Factories needed to compete internationally and produce a modern and profitable product. The situation was not easy for the new Italian owners: Lots of staff, little automation and a comprehensive production system for countless components. Just think that ENASA manufactured practically all the Troner parts.
Meanwhile, our protagonist wandered from one side to the other of the group's factories and facilities; no one knew very well where to park him, not even what exactly to do with "it", which was actually an unequivocal link with an autarkic and dictatorial past.
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Godparents of exception
Be that as it may, the Z-103 always enjoyed some godfather or protective angel. Little by little he was saved, although many times the reasons were not the most sincere ... The fact is that he has survived until today. At first it was Ricart himself who kept it, and the fact is that the Spanish engineer never completely abandoned Pegaso, as can be read in Mr. Barlow's chronicle about the visit he made in 1968 to the Madrid factory and in which describes how part of Wifredo's old guard took care of the living heritage of the Z.
From the 90s until well into the 2000s, an illustrious name within the world of Hispano Suiza and Pegaso was, in some way, responsible. We are talking about Manuel Lage. His team, with him at the helm, was in charge of protecting, ordering, disseminating and, in many cases, digitizing much of the information concerning the Z sports cars. Plans and reports, among others, treasured the history of the company and also the from “La Hispano Suiza”.
Within that great heritage there were also two Pegaso passenger car units: Our protagonist, the only Z-103 finished with a Z-104 engine; and the berlineta Z-102 Touring 1st series (BT1) ref. 41, registration BI-19111, purchased in 1984 in order to restore and display it.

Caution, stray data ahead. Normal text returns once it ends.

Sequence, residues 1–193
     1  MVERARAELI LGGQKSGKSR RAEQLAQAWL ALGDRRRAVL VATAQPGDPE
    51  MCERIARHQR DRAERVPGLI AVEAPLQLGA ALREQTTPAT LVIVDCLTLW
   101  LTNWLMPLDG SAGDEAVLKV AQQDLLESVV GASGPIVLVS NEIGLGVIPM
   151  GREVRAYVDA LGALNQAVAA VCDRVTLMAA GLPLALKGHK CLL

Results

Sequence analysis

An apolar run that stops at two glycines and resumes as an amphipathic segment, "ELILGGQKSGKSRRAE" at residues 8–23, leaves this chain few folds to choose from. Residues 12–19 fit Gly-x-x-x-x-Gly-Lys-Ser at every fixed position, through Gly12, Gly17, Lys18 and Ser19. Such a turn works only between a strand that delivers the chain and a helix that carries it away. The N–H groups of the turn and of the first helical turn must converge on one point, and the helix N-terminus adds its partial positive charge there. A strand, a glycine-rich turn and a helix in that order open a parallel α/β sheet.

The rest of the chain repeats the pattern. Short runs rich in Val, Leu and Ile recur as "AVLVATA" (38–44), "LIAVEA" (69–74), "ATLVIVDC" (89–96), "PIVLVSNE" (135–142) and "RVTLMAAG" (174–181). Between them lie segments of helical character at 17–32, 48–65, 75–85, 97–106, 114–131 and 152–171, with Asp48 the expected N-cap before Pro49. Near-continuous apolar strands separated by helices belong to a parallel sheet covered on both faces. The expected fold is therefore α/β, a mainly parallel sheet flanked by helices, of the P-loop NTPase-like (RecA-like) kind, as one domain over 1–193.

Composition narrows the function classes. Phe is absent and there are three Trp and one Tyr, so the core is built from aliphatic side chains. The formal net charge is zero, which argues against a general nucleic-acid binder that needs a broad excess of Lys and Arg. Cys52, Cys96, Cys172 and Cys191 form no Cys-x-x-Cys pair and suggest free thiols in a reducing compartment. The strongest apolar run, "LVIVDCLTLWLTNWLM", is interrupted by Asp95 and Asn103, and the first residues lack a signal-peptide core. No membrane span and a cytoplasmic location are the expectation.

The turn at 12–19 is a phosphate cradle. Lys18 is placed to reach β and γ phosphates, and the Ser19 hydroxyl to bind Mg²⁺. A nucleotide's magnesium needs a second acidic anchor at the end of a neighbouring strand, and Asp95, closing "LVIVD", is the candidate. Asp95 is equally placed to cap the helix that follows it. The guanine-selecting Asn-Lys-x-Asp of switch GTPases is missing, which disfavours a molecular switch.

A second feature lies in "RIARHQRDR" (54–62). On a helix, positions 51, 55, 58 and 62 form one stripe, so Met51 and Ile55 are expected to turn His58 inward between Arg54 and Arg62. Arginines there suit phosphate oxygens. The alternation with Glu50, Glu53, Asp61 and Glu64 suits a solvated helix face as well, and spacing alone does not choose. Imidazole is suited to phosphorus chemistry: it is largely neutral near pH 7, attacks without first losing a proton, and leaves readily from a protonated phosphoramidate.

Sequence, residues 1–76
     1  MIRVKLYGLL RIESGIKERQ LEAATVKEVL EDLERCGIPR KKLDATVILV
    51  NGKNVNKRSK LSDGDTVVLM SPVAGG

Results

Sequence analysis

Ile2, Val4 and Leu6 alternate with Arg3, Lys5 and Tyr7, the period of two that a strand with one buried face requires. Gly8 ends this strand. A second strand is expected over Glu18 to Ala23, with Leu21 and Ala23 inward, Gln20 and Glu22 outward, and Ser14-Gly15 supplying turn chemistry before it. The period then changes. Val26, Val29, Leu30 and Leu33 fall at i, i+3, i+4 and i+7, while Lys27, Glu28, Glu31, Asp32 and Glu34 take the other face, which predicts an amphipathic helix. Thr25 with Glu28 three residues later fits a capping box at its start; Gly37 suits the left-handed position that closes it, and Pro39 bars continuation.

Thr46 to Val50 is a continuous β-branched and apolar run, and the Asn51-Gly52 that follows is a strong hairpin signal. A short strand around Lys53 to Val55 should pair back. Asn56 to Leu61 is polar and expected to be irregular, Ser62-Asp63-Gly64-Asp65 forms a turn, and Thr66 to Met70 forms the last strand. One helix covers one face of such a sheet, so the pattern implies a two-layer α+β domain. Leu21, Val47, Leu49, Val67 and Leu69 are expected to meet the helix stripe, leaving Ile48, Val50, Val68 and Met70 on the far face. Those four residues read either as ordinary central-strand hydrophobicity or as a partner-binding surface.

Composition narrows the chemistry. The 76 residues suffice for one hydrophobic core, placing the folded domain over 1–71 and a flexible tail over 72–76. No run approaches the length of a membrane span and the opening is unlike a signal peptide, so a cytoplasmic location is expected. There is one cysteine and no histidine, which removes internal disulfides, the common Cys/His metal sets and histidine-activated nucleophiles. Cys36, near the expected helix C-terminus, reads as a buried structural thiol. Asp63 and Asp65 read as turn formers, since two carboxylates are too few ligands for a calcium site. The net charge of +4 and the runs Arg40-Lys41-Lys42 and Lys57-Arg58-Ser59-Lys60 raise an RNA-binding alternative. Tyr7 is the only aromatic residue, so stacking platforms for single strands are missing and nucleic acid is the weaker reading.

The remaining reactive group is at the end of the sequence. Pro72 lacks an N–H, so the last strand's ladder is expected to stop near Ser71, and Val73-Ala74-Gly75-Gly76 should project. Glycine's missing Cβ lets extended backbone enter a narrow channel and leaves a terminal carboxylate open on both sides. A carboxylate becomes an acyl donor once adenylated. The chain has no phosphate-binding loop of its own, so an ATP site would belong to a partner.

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The truth is that our Z-103, perhaps because it is the vehicle with the most historical value, survived without too many problems. Unit Z-102, on the other hand, was initially transferred to the Museum of Salamanca for its restoration and exhibition; It is currently partially dismantled, temporarily ceded to the Jove de la Coruña Foundation along with part of the rest of the heritage and awaiting a decision on its future.
Replicas? Who'd say!
Our protagonist thus remained afloat, navigating through the convulsive processes resulting from the purchase of ENASA. Furthermore, in 1991, already under the leadership of IVECO, The manufacture of twelve "replicas" of his was authorized. In reality they were aesthetic recreations equipped with a Rover V8 engine, with an Alfa-Romeo transmission from the model 75 mounted, as in the original, on the rear axle. Within the framework of this project, the "Pegasin" was sent directly to the English manufacturer IAD to take molds from the bodywork and copy some essential elements such as the chassis.
In scoop I will say that during the disassembly of the wheels for the repair of the brakes several aluminum plates appeared with handwritten numbers. Initially it was thought that they were Serra or Pegaso manufacturing plates, placed there for the purpose of identifying the operator; but after consulting with people close to the story, it was concluded that they were placed by the Britons before dismounting.
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Regarding the historical context, I am not going to comment on Jesús Bonilla or Andrés Ruiz, nor will I write exactly the same as them. I recommend that all readers buy Classic Motor and get rich with this information; For my part, I will focus from now on the known maintenance of the Z-103 from the eighties to the present and on the dynamic testing of it. Because yes, you read that right, the car has been driven by a server.